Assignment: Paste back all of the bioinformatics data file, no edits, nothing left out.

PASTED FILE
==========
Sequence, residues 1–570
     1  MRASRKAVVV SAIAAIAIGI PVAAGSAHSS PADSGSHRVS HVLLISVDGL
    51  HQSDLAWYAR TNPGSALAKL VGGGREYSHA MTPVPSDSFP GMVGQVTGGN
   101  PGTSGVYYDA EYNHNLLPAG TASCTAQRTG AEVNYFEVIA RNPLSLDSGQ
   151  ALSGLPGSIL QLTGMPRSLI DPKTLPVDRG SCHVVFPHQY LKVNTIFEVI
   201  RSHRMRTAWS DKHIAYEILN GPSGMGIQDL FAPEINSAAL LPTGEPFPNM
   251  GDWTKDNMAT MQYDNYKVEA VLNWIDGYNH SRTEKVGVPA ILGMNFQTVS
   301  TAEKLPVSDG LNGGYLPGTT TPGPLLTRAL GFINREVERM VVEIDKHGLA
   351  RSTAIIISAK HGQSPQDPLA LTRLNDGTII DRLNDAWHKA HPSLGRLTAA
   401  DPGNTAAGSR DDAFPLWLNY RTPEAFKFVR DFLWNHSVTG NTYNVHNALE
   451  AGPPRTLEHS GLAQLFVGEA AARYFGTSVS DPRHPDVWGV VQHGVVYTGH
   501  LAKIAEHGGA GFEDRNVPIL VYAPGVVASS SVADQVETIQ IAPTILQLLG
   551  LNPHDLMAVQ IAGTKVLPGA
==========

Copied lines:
Sequence, residues 1–570
     1  MRASRKAVVV SAIAAIAIGI PVAAGSAHSS PADSGSHRVS HVLLISVDGL
    51  HQSDLAWYAR TNPGSALAKL VGGGREYSHA MTPVPSDSFP GMVGQVTGGN
   101  PGTSGVYYDA EYNHNLLPAG TASCTAQRTG AEVNYFEVIA RNPLSLDSGQ
   151  ALSGLPGSIL QLTGMPRSLI DPKTLPVDRG SCHVVFPHQY LKVNTIFEVI
   201  RSHRMRTAWS DKHIAYEILN GPSGMGIQDL FAPEINSAAL LPTGEPFPNM
   251  GDWTKDNMAT MQYDNYKVEA VLNWIDGYNH SRTEKVGVPA ILGMNFQTVS
   301  TAEKLPVSDG LNGGYLPGTT TPGPLLTRAL GFINREVERM VVEIDKHGLA
   351  RSTAIIISAK HGQSPQDPLA LTRLNDGTII DRLNDAWHKA HPSLGRLTAA
   401  DPGNTAAGSR DDAFPLWLNY RTPEAFKFVR DFLWNHSVTG NTYNVHNALE
   451  AGPPRTLEHS GLAQLFVGEA AARYFGTSVS DPRHPDVWGV VQHGVVYTGH
   501  LAKIAEHGGA GFEDRNVPIL VYAPGVVASS SVADQVETIQ IAPTILQLLG
   551  LNPHDLMAVQ IAGTKVLPGA